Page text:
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Not a stupid question at all, though a complete answer would require much more than a comment on a forum.

I would suggest that to get stated 1) Use a major or minor pentatonics when you solo over a major or minor key, respectively. Pentatonics have the notes that may sound dissonant in relative to the key missing, thus it's easier not to hit the right notes  2) Use very few notes but get the most out of each note through bending, vibrato, ho/po, slides etc.

These are not the only ways to solo of course, there are many. But I believe using a few notes from a Pentatonic scale is the most efficient way to break through the world of soloing.
In the first half of the last century, the predominant method of composing popular music was to begin with a melodic idea and then build the harmony to support it. This approach had a distinctive result that the melody naturally fit the chords, and to make that happen some very nice unusual and unlikely chord changes were discovered and used to keep the melody line sounding right. The melody might very well come from the whim of a singer, leaving the heavy lifting to a composer placing the right chords to carry that melody... this resulted in some beautiful songs with some rather sophisticated composition going on beneath them.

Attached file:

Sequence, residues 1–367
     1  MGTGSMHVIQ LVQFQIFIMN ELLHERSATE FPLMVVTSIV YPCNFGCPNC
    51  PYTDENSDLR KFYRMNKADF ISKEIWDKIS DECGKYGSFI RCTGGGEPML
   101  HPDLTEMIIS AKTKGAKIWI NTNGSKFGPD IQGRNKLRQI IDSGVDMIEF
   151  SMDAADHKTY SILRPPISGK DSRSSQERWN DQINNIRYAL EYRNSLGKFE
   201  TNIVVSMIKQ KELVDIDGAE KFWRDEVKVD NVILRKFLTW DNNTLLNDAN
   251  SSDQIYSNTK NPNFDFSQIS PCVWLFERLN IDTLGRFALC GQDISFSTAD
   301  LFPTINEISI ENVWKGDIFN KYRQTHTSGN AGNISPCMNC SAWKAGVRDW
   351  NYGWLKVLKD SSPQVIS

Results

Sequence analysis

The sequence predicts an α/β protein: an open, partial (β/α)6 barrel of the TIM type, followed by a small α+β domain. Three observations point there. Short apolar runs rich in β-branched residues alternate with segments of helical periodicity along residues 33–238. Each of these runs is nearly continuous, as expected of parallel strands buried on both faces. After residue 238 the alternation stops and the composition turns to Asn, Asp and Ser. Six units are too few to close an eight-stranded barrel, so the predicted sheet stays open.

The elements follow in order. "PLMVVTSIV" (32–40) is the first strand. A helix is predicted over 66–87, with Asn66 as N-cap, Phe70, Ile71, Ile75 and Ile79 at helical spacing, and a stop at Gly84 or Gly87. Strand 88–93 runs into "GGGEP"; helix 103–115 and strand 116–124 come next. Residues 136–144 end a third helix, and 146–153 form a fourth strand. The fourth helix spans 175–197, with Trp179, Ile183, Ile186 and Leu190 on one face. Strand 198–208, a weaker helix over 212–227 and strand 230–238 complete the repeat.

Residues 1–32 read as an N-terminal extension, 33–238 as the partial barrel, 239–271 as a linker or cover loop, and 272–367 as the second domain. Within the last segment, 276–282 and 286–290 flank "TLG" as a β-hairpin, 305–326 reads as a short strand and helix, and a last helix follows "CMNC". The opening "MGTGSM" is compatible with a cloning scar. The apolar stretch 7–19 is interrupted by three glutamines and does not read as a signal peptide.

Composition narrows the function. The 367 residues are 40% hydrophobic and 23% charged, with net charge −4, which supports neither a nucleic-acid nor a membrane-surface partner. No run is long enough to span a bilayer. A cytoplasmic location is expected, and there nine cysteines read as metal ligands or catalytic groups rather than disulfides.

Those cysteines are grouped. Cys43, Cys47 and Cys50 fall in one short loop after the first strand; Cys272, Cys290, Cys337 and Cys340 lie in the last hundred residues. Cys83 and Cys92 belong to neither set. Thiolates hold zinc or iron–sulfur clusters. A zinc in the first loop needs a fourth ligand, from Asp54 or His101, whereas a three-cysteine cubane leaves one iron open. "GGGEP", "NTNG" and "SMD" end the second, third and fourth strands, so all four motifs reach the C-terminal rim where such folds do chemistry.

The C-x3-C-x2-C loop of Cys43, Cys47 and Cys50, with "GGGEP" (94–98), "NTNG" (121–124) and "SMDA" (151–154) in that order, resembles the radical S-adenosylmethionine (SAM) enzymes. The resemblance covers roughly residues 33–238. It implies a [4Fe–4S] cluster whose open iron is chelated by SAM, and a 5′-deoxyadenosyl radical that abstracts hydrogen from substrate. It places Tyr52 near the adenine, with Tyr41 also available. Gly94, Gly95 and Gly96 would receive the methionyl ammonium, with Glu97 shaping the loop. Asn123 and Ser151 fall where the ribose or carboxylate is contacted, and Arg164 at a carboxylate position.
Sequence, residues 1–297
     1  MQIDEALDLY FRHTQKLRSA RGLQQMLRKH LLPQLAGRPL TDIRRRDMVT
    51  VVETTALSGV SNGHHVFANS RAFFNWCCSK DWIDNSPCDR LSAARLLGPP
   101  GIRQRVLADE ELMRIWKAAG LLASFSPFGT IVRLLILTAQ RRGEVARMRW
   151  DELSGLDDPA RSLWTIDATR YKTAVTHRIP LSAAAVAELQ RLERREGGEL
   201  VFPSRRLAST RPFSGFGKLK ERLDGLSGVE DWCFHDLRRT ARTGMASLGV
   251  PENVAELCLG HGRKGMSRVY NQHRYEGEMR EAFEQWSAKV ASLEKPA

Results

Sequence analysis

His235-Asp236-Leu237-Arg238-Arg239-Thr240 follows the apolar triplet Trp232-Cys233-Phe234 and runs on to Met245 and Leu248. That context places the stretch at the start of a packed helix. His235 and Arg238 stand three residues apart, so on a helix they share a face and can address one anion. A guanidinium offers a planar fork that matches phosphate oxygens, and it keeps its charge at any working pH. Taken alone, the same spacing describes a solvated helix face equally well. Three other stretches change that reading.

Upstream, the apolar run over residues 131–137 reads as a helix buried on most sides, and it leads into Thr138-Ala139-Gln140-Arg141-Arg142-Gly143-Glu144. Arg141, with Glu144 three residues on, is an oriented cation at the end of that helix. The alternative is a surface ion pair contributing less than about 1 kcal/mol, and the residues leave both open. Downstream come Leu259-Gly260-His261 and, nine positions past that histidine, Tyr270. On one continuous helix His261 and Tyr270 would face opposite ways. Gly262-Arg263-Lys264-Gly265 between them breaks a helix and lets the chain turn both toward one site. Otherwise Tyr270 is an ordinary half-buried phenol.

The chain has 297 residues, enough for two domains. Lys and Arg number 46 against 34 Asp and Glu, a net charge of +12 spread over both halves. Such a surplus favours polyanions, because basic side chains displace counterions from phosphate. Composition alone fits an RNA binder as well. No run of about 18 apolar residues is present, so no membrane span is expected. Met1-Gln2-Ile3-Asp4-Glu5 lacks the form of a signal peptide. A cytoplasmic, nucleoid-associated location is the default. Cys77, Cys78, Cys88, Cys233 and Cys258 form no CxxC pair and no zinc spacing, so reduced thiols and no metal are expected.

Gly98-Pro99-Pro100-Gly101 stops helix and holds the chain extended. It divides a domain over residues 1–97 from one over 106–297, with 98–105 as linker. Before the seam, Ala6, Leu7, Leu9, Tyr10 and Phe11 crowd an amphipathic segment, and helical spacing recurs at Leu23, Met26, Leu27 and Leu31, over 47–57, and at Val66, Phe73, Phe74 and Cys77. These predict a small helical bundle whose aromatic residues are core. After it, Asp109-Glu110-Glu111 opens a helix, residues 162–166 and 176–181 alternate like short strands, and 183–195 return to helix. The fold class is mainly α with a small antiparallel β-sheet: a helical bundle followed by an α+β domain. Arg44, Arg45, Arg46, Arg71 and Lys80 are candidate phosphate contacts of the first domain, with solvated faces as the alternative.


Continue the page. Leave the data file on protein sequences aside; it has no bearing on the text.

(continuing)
The second half of the last century up through today switched over to the opposite way of composing, for the most part. Songs were now constructed as progressions first, with their implied harmonic possibilities already fairly locked-in by the time the melody lines and solos came to be added. This put a lot of restrictions in the melodies which are easy to notice when comparing to the earlier way. One of the characteristics of this restriction is the eventual feeling of "running out of melodic ideas" because so many have already filled the harmonic spaces of the progressions, and those progressions were already simpler than the old ones, in order to sound coherent on there own before applying the melody.
Now the melody lines of today sound goofy and quirky (presently enjoying a lot of octave jumping and the ubiquitous fifth-to-major third movement) because the idea pool for melodies that fit over the reduced pool of popular chord changes has the vocals and soloists all starving and scrambling for some remaining threads of creativity... they have pushed into a region of ideas that would not be one's first musical choice, but it answers the desperation to be distinctive and different. However, goofy and quirky will always sound like the artist is unskilled in their craft.

All that to the point, which is that virtually all soloing today is from the perspective of composing lines to be played over an extant series of chord changes. If the song already exist that is the situation, but if you are composing your own music you have the choice between composing the progression first and applying a solo melody; or, creating the solo melody first and developing its character free of restriction... then composing a progression of chord movements that follow the solo and make it sound the way you want.

You can do it "backwards" like that - that was the way it used to be done when the focus was the melody line. Try it solo melody first and notice if you hear a difference.